Chile: Rightwing Government Cometh

Chile: Activists Fear Setbacks Under Rightwing Government By Pamela Sepúlveda (IPS) – Trade unions and non-governmental organisations in Chile are worried that rightwing billionaire Sebastián Piñera’s election as president will mean setbacks in terms of social policy and respect for labour and social rights.

Statements by the conservative president-elect, who triumphed in the Jan. 17 runoff vote, with regard to overhauling state-owned enterprises to boost efficiency and adopting policies aimed at increasing economic growth, sparked concern among the labour movement, environmentalists, indigenous peoples’ associations and other social organisations.

His campaign pledges also worried the centre-left “Concertación” or Coalition for Democracy, which lost its hold on power for the first time in 20 years.

To judge by the Harvard-educated airline magnate’s pro-business campaign platform, strikes, protests and social tension will increase over the next five years, Álvaro Ramis, president of the Chilean Association of NGOs (ACCION), told IPS.

Especially given the fact that part of the Chilean right still identifies with the 1973-1990 de facto regime of late dictator Gen. Augusto Pinochet, who died in 2006. Some 3,000 people were killed or forcibly disappeared and nearly 30,000 were tortured under the dictatorship.

“I believe there is an emotional aspect (in the NGOs’ concerns), awakened, for example, by seeing ‘Pinochetistas’ in Piñera’s rallies justifying and legitimising human rights abuses,” said Ramis.

There are fears that such influences and the president-elect’s neoliberal positions will lead to a major conservative shift in policy direction in areas like education, health, labour, the environment and women’s and indigenous rights, which in Ramis’s view would bring increased social unrest.

Activists say one of the most vulnerable areas is labour. Trade unionists are concerned that the future administration will not only turn a deaf ear towards workers’ demands, but could even roll back acquired rights.



3 Responses to “Chile: Rightwing Government Cometh”

  1. otto Says:

    Let’s start with ‘not here to defend or attack Piñera’. That out the way:

    It’s a real strain to consider the Bachelet gov’t as anything really lefty anyway. According to the Gini ratings, Chile still has the 2nd highest breach between the richest 10% and the poorest 10% in LatAm, after 20 eyars of “left wing” coalition. Huh? (top is Paraguay’ll know why if you ever go there…Asuncion is the only capital city i’ve ever seen that has a Porsche behind a oxen and cart at a traffic lights)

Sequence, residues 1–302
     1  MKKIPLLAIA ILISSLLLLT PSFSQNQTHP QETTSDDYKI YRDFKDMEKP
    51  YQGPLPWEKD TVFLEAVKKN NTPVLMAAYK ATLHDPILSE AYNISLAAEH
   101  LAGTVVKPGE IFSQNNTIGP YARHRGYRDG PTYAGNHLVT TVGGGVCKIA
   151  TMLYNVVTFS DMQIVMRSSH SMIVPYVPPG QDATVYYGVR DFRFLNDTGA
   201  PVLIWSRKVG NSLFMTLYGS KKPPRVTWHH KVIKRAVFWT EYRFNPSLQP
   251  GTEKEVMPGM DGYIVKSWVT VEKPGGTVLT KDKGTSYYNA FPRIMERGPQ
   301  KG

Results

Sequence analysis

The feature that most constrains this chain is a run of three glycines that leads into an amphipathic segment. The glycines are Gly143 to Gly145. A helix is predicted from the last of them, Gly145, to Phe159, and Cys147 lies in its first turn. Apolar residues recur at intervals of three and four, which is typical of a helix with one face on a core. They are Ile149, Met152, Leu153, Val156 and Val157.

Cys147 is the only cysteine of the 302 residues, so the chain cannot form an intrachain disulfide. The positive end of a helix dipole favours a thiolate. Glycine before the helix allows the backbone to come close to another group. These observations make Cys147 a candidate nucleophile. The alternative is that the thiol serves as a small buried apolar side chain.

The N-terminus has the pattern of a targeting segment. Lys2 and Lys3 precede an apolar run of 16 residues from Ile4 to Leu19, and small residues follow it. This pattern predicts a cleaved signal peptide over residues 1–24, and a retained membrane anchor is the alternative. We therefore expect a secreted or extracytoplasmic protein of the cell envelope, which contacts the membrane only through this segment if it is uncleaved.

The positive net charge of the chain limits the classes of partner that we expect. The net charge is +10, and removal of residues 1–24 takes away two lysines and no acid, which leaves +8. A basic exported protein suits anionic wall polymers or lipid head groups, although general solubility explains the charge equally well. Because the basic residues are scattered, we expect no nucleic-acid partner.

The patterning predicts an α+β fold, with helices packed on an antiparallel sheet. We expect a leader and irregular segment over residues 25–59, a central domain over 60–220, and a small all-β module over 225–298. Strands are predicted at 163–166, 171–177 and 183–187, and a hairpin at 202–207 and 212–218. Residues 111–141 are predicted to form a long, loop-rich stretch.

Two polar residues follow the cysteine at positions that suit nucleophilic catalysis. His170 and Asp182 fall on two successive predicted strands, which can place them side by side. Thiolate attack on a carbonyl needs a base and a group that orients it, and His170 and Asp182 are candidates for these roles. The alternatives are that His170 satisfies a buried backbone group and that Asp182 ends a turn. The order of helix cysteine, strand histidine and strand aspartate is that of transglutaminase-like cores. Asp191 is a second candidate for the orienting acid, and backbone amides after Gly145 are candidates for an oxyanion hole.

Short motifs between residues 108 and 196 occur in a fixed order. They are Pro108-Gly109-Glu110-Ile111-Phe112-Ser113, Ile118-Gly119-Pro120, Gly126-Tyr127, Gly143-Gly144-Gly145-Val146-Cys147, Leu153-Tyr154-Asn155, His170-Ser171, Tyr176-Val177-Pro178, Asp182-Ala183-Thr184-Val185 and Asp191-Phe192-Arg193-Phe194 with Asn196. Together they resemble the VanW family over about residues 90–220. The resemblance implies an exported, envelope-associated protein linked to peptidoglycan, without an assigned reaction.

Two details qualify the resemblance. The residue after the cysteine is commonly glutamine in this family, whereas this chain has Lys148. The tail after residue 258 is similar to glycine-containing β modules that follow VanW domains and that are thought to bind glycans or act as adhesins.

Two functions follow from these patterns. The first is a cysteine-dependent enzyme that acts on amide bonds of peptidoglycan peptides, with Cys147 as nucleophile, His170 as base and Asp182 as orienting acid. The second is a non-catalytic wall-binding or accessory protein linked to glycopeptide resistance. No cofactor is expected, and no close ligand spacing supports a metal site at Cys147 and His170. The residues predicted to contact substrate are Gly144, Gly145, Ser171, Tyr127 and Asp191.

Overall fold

The pinochetistas have cottoned on to Piñera yup. However if he gives them any rope he’ll get an ungovernable country on his hands and the guy isn’t stupid. Once the rah rah and the honeymoon period is over, he’ll be forced ot move to the centre in the way ‘Chelle was (but from the opposite side.

    Chile’s foreign policy won’t change a jot (bar not giving Evo false hope the way Michelle did about giving Bolivia coastline). Chile doesn’t export politics, it exports economics.

    At home, the police will still be as Stazi-like as they’ve been in the last 20 years.

    Bottom line: if somebody wants to find polemic in the Piñera gov’t, they will. But on a substance level there won’t be much political difference to the last bunch.

  2. Duder Says:

    Very true on the domestic front Otto, but for instance if Pinera had been around in 2008 instead of Bachelet I doubt UNASUR would have convened to back Morales against the Media Luna fascists.

  3. RickB Says:

    I hope Otto’s pragmatic future plays out (and I agree the ‘left’ was only in name that which neoliberal strictures allowed) as in the right are not free to do what they like, but the unions are right to be concerned, I do think it alters the math re: US footprint and thus the geopolitics Morales and the leftish axis now must navigate. I think a weather eye should be kept out, old fascist habits etc.

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